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Old August 15th, 2015, 03:22 AM   #15121
hugh
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Docklands was a wasteland with the Port Of London having moved long before to Tilbury.
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Old August 15th, 2015, 07:18 AM   #15122
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What exactly was in the current area of the Canary Wharf before? And this are generally... It looks amazing now though!
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Old August 15th, 2015, 11:18 AM   #15123
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https://en.wikipedia.org/wiki/West_India_Docks

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Old August 15th, 2015, 11:35 AM   #15124
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Quote:
Originally Posted by Opulentus View Post
Indeed; we're experiencing the adverse affects of globalisation.

Yes, how anyone can prefer it now to this Dickensian ideal is beyond me





(I'm hopping Stravinsky will like this post but he only likes fantasy posts on London so not counting on it)
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Old August 15th, 2015, 01:31 PM   #15125
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I tend to like the transition from industrial to post-industrial cities, and Canary Wharf is one of the best examples of setting up a business district out of no man's land.

What still is missing is a bit of life, i.e. residences for people to live and animate the area, but even this issue is being addressed now.

The prevalence of pops in the area is a bit sad and will remain unaddressed, but I guess it's the price to pay for such a large redevelopment, and may have a role to play, even though I'd have prefered for a limited time.

The loss of character of London is another thing.
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Old August 15th, 2015, 01:43 PM   #15126
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Quote:
Originally Posted by london lad View Post
Yes, how anyone can prefer it now to this Dickensian ideal is beyond me (I'm hopping Stravinsky will like this post but he only likes fantasy posts on London so not counting on it)
Ironically that looks pretty dedicated to globalisation to me?
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Old August 15th, 2015, 03:56 PM   #15127
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I was referring to the fact that it was compared to the average 'middle-sized American city'. The rest explains itself.
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Old August 15th, 2015, 06:03 PM   #15128
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Quote:
Originally Posted by Opulentus View Post
I was referring to the fact that it was compared to the average 'middle-sized American city'. The rest explains itself.
I think you're being a bit disingenuous - you used the word 'adverse'. Your perpetual posts about the terrible loss new projects bring to London, as though time and again valuable historic buildings are being razed to make way for the terrible new, suggests that you don't really know London very well.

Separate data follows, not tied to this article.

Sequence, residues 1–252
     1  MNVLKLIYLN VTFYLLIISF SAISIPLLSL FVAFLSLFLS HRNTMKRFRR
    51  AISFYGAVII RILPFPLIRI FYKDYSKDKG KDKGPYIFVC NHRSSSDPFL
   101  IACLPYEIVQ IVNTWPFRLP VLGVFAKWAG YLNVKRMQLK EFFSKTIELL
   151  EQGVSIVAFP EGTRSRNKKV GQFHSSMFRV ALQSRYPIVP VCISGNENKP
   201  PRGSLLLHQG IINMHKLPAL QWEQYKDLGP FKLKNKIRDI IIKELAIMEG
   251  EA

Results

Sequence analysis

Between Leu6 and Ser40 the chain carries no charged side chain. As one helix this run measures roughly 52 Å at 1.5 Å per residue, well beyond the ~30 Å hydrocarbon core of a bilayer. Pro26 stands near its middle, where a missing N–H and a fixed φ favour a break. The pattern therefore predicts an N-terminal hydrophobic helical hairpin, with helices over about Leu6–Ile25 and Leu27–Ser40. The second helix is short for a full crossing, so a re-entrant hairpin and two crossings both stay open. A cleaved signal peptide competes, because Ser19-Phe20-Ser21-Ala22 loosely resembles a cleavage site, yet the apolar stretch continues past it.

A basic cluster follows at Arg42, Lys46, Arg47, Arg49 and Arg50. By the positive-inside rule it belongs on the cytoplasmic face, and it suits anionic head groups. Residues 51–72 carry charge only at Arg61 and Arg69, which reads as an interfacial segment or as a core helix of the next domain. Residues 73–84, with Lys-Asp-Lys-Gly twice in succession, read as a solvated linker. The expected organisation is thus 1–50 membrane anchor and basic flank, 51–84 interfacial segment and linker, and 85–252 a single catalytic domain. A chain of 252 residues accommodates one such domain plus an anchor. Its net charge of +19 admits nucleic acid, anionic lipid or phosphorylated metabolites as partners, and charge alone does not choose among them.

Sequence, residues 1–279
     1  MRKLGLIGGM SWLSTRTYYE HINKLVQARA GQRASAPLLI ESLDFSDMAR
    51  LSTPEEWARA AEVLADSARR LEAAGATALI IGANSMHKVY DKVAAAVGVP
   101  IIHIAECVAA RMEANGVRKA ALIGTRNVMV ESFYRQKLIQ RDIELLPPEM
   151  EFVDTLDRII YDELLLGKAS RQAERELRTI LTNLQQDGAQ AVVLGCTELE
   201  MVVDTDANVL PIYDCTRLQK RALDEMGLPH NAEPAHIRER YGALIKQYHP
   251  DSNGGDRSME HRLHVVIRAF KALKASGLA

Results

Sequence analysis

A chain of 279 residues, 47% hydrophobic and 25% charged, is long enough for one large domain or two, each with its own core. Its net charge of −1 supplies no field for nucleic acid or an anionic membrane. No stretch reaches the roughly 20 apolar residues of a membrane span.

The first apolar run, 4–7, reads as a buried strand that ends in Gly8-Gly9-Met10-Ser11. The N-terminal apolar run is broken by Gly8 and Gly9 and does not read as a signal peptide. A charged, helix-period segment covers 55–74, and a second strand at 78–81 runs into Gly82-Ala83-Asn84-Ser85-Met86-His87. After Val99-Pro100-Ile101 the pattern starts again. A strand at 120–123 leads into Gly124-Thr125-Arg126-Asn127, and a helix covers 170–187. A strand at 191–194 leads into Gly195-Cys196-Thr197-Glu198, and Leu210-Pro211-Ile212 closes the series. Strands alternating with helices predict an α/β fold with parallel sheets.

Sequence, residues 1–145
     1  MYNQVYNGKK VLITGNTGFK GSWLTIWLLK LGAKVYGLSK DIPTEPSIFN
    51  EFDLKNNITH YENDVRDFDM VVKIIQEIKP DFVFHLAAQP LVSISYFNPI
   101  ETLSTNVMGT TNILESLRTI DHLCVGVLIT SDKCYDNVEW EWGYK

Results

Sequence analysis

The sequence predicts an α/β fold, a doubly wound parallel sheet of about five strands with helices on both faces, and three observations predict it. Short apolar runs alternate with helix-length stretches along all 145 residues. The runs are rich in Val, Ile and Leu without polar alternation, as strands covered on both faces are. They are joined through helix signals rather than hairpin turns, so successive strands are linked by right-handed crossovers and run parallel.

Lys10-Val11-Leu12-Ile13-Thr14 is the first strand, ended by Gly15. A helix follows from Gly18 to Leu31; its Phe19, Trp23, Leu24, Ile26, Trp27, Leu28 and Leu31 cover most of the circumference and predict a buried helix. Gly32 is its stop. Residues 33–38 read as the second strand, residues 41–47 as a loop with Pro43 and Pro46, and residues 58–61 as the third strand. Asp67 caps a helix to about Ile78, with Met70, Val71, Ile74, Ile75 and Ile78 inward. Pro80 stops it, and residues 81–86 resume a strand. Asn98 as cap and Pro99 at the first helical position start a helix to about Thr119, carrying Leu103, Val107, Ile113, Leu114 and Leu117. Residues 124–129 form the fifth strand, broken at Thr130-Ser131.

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Old August 15th, 2015, 11:01 PM   #15129
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Providence Tower | Blackwall E14

London forum thread: http://www.skyscrapercity.com/showthread.php?t=395444

Official website: http://www.providencetower.com/


Project facts
  • Address: Providence Tower, Fairmont Avenue, London E14
  • London borough: Tower Hamlets
  • Developer: Ballymore Group
  • Architect: SOM
  • Height: 136m
  • Floors: 44



The Pinnacle of the Blackwall cluster is nearing completion , thanks opayek for the amazing photos !

Quote:
Originally Posted by opayek View Post
P1060472 by Alex, on Flickr
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Old August 15th, 2015, 11:05 PM   #15130
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Baltimore Tower | Isle of Dogs E14

London forum thread: http://www.skyscrapercity.com/showth...hp?p=105569479

Official website: http://www.baltimorewharf.com/


Project facts
  • Address: 30 Limeharbour, London E14
  • Borough: Tower Hamlets
  • Developer: Galliard Developments
  • Architect: Skidmore, Owings and Merrill
  • Height: 150m
  • Floors: 44



The substructure (floors) are rising at Baltimore Tower.

Quote:
Originally Posted by opayek View Post
P1060465 by Alex, on Flickr
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Old August 15th, 2015, 11:05 PM   #15131
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Dollar Bay | Isle of Dogs E14

London forum thread: http://www.skyscrapercity.com/showthread.php?t=934424

Official website: http://www.dollarbay.co.uk/


Project facts
  • Address: 1-18 Dollar Bay Court, London, E14
  • London borough: Tower Hamlets
  • Developer: Citystyle Homes and Mount Anvil
  • Architect: Ian Simpson Architects
  • Height: 109m
  • Floors: 32



Quote:
Originally Posted by opayek View Post
core almost halfway now..

P1060469 by Alex, on Flickr
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Old August 15th, 2015, 11:07 PM   #15132
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The Monument Building | City of London EC3

London forum thread: http://www.skyscrapercity.com/showthread.php?t=474129

Official website: http://themonumentbuilding.com/



Project facts
  • Address: 11-19 Monument Street, London EC3
  • Developer: Skanska
  • Architect: Make Architects
  • Floors: 9
  • Office space: 7,896m²



Quote:
Originally Posted by stevekeiretsu View Post
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Old August 15th, 2015, 11:36 PM   #15133
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Blake Tower (Former YCMA Fann Street) | Barbican , EC2

London forum thread: http://www.skyscrapercity.com/showth...1789308&page=2

Official website: https://www.redrow.co.uk/london/deve...pment-location


Project facts

A remodelling of the interiors and layout with slight external modifications of the Grade II listed structure.
  • Address: 2 Fann Street London EC2Y 8BR
  • London borough: City Of London Corporation
  • Developer: Redrow London
  • Floors: 16



Scaffolding on the rise

IMG_6265.jpg by Luke, on Flickr

IMG_6264.jpg by Luke, on Flickr

IMG_6263.jpg by Luke, on Flickr

IMG_6260.jpg by Luke, on Flickr

IMG_6259.jpg by Luke, on Flickr
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Last edited by Mr Cladding; August 15th, 2015 at 11:57 PM.